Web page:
It was not just entertaining. At one point, Grace and I looked at each other and saw neither colleagues nor friends. Instead, we saw enlightenment made manifest in human bodies.
Now, call me a sadist, but there’s also a visceral joy in watching someone throttled within an inch of their life, and something immensely satisfying about seeing them thrown around until they crumple into heaps on the ground, clutching their bodies and grimacing in pain.
I found myself clapping like a demented seal, shouting myself hoarse for all the wrestlers despite not knowing who the faces or heels—pro wrestling speak for heroes & villains—were supposed to be.
I was not cheering for the characters. I was cheering for the men and women behind them.
No matter whether they were beefcakes or lean, mean, wrestling machines, their athleticism was truly a sight to behold. Bodies launched into the air without fear, before skilful landings were performed, as though these were seasoned ballerinas and not clumsy, burly men.
Likewise, the aptly-named spinebusters and complicated hurricaranas were well-executed, and the matches were choreographed to chaotic perfection.
We liked what we saw, we appreciated their skills, and most importantly, we respected the effort.
Every huge collision was accompanied by either a pained groan or a triumphant roar; tiny details but central to the faux reality which allowed the audience to tune out real life.
When Andruew “The Statement” Tang, co-founder of SPW, lets out his trademark “EEEEEEEEYAKKK!!” grunt, the crowd immediately follows suit. Whether ironically or as a genuine show of support, I couldn’t quite figure out.
Not that it mattered. He fed on our enthusiasm, and we cheered his ability. Everyone in the room was grinning because they loved it. Heck, I loved it.
As “The Trickster”, a zany dude who had the musculature of a twig, faced the monster of a man “P-Nutz”, everyone chanted “YOU’RE GONNA DIE!” over and over again in one voice when he sprints into the crowd, terrified and desperate to get away from the beast. In another match, the “Power Warrior” also swiped and ate a Cheeto from a fan who was happily munching on them while watching the action.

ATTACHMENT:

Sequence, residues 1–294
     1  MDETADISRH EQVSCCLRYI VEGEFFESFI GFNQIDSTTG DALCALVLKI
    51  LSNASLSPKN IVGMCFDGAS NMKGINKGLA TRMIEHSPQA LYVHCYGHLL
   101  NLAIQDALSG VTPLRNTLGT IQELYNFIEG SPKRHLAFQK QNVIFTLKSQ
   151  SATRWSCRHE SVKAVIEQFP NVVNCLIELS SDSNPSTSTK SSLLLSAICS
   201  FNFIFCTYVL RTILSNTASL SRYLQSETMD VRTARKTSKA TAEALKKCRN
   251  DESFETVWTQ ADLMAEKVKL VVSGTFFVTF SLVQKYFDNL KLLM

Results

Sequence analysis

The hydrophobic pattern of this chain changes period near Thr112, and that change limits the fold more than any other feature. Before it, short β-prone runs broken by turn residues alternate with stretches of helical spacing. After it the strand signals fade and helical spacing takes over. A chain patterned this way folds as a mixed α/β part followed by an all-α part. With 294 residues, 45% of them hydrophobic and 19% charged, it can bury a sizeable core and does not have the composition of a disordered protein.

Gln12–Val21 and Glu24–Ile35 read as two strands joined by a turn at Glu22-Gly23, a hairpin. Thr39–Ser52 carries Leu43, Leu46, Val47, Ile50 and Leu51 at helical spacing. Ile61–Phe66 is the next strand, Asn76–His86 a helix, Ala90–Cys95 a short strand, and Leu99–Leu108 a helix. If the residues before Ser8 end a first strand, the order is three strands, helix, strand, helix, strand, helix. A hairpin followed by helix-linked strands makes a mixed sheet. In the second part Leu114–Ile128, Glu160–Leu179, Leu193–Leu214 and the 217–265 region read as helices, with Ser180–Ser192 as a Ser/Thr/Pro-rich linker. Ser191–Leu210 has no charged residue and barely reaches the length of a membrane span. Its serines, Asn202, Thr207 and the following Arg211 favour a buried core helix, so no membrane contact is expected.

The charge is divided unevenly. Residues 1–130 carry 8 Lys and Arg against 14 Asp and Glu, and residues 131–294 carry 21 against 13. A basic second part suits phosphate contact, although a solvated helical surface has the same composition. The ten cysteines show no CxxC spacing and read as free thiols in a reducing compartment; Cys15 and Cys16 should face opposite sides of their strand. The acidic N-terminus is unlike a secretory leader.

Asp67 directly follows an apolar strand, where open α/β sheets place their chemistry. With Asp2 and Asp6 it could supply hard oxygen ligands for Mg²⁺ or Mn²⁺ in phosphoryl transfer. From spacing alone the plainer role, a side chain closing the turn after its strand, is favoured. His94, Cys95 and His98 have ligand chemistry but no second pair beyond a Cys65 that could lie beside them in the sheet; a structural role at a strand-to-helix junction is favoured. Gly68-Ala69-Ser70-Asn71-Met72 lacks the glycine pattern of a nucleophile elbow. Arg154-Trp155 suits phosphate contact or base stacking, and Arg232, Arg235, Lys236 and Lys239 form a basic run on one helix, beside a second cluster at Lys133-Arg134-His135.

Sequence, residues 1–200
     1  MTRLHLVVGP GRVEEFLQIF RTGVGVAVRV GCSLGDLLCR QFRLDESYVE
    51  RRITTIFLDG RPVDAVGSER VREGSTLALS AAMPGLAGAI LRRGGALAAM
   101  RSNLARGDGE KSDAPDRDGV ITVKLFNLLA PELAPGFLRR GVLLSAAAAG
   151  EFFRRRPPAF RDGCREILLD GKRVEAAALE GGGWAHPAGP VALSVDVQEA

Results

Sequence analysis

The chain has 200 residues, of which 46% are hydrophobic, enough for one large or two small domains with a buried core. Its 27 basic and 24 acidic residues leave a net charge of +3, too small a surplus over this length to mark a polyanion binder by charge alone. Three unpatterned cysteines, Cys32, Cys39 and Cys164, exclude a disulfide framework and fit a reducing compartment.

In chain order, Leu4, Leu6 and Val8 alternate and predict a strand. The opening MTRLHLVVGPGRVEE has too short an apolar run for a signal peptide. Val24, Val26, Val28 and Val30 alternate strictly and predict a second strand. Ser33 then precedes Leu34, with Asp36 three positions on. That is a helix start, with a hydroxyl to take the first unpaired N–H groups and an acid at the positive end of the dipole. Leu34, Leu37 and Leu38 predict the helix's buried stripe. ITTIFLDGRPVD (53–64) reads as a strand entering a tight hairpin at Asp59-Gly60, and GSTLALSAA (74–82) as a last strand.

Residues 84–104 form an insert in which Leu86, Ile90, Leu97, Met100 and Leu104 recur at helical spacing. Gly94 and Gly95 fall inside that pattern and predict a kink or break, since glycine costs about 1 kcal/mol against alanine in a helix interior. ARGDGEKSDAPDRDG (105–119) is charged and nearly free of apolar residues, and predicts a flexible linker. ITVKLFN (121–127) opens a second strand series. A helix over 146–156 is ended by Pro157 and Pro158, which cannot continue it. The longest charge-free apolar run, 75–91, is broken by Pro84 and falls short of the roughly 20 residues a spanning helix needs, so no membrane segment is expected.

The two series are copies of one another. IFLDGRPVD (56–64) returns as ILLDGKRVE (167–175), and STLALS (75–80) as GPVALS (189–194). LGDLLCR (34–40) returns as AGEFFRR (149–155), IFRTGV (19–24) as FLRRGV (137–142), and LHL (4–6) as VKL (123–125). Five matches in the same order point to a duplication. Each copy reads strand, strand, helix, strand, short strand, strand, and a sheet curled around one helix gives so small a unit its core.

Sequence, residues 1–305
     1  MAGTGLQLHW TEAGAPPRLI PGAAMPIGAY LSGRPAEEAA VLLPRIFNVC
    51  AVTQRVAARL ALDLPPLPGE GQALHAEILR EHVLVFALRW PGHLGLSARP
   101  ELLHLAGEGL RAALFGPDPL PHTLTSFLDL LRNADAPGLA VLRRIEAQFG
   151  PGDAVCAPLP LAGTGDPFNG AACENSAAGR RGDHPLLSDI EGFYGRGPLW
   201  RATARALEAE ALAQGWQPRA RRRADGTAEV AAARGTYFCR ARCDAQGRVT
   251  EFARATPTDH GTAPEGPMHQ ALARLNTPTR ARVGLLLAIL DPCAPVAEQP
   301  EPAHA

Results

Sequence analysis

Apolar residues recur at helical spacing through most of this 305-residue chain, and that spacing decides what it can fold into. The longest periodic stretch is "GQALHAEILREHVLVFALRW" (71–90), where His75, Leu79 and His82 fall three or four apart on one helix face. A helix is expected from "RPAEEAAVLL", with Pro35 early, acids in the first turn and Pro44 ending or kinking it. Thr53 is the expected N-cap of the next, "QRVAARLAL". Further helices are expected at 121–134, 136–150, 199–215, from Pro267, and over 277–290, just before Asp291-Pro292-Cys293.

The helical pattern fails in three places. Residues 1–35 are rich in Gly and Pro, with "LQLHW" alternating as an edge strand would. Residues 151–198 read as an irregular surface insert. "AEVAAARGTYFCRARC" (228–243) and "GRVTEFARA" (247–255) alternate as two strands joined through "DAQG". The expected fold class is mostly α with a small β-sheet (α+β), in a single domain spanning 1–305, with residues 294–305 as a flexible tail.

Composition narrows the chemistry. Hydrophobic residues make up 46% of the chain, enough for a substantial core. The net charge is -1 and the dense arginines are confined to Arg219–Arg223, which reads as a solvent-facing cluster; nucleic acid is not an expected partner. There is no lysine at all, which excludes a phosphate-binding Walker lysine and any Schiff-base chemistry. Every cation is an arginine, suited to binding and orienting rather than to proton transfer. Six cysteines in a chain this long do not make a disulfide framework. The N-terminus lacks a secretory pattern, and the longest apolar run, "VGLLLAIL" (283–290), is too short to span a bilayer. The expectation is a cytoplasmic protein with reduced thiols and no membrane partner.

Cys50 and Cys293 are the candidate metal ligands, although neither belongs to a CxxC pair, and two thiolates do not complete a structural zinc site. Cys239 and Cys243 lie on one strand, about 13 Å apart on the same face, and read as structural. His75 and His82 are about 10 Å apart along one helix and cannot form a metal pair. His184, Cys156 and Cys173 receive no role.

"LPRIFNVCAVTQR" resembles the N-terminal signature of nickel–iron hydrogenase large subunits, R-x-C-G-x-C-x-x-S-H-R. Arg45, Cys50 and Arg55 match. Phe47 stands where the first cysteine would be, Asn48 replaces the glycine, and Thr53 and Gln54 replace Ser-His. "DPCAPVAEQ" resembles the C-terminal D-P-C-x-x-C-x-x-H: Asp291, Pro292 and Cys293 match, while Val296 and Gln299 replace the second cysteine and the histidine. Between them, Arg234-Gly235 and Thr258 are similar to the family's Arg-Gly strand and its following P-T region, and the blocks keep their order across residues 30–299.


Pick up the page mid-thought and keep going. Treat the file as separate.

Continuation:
And it’s then that I realise we weren’t at the show. We were part of the show.
As the last match of the evening ends, Grace and I find ourselves incapable of words to express why we feel the way we do.
Eventually, I realise how simple it is. Pro wrestling is like the gratuitous action movies we all secretly know and love: from the flurries of punches and flying knees to the comedy and soap-opera drama. And once you step into the hall to watch the physically demanding performance art that’s worthy of so much respect, you enter a different realm in which reality is skilfully woven into fiction.
SPW is just like that. Only unlike some of the unbelievable storylines that WWF/E has pushed over the years, there’s enough of our own Singaporean reality captured in this to make it appealing to Singaporean fans.
Instead of a sold-out Madison Square Garden, we have the grassroots and homely charm of the Singapore Federation of Chinese Clan Associations. In place of strapping ang mohs, we have your (literal) guys-next-door who don’t take themselves too seriously, if at all.
And as surprising as it is, pro wrestling—or at least the version these guys are doing—is actually inspiring.
Because the men we see hurling their bodies around are people we might bump into on the street or on the MRT, they are much more relatable.
In a twist of fate, “The Statement” could’ve just as easily been your insurance agent neighbour, reading your financial statements. The jacked AF Destroyer Dharma, could’ve been your Shenton Way accountant, crunching numbers instead of his washboard abs.
And so, whether you’re a child or an adult, watching your fellow Singaporeans have the balls to backflip from the top rope for a living (whilst having fun doing it) is refreshing in a way that’s hard to describe. We Singaporeans are an uptight lot who can sometimes appear to possess little in the way of a sense of humor, but in that squared-circle, the perfect antithesis of life as we know it can be found.
In the ring, the wrestlers are free. They are whoever they want to be, and capable of whatever they dare to do. In the hall, the sterile and corporate Singapore we live in falls away, and attitude and outrageousness are king.
It’s fun because it’s so liberating to know that something as outlandish as pro wrestling exists, and can exist in a no-nonsense society such as our own.
So, go. Go and suspend your beliefs in reality for a few hours and be entertained. Trust me, it’s not so bad that it’s good. It’s just good.
Forget the story arcs. It doesn’t matter what they are.
In fact, Grace and I already planning to catch their next show. But next time, we’ll have to remember to bring a couple of cans of beer along.
Oh, hell yeah.
Oh and just in case you were wondering, this post is not sponsored in any way by SPW. The event was just that damn good.